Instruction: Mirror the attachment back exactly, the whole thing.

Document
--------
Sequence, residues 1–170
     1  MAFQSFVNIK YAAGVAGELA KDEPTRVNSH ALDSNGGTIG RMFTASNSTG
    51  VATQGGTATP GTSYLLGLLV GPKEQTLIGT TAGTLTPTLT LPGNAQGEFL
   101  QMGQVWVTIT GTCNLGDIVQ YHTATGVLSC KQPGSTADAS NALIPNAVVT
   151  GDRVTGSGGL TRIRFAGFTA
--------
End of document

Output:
Sequence, residues 1–170
     1  MAFQSFVNIK YAAGVAGELA KDEPTRVNSH ALDSNGGTIG RMFTASNSTG
    51  VATQGGTATP GTSYLLGLLV GPKEQTLIGT TAGTLTPTLT LPGNAQGEFL
   101  QMGQVWVTIT GTCNLGDIVQ YHTATGVLSC KQPGSTADAS NALIPNAVVT
   151  GDRVTGSGGL TRIRFAGFTA